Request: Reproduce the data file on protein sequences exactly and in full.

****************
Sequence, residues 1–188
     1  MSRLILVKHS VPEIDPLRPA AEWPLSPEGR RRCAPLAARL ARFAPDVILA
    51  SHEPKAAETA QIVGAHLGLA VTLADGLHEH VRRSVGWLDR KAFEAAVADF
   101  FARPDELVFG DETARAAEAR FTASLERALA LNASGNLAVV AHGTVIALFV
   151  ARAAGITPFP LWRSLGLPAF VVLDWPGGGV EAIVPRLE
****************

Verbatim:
Sequence, residues 1–188
     1  MSRLILVKHS VPEIDPLRPA AEWPLSPEGR RRCAPLAARL ARFAPDVILA
    51  SHEPKAAETA QIVGAHLGLA VTLADGLHEH VRRSVGWLDR KAFEAAVADF
   101  FARPDELVFG DETARAAEAR FTASLERALA LNASGNLAVV AHGTVIALFV
   151  ARAAGITPFP LWRSLGLPAF VVLDWPGGGV EAIVPRLE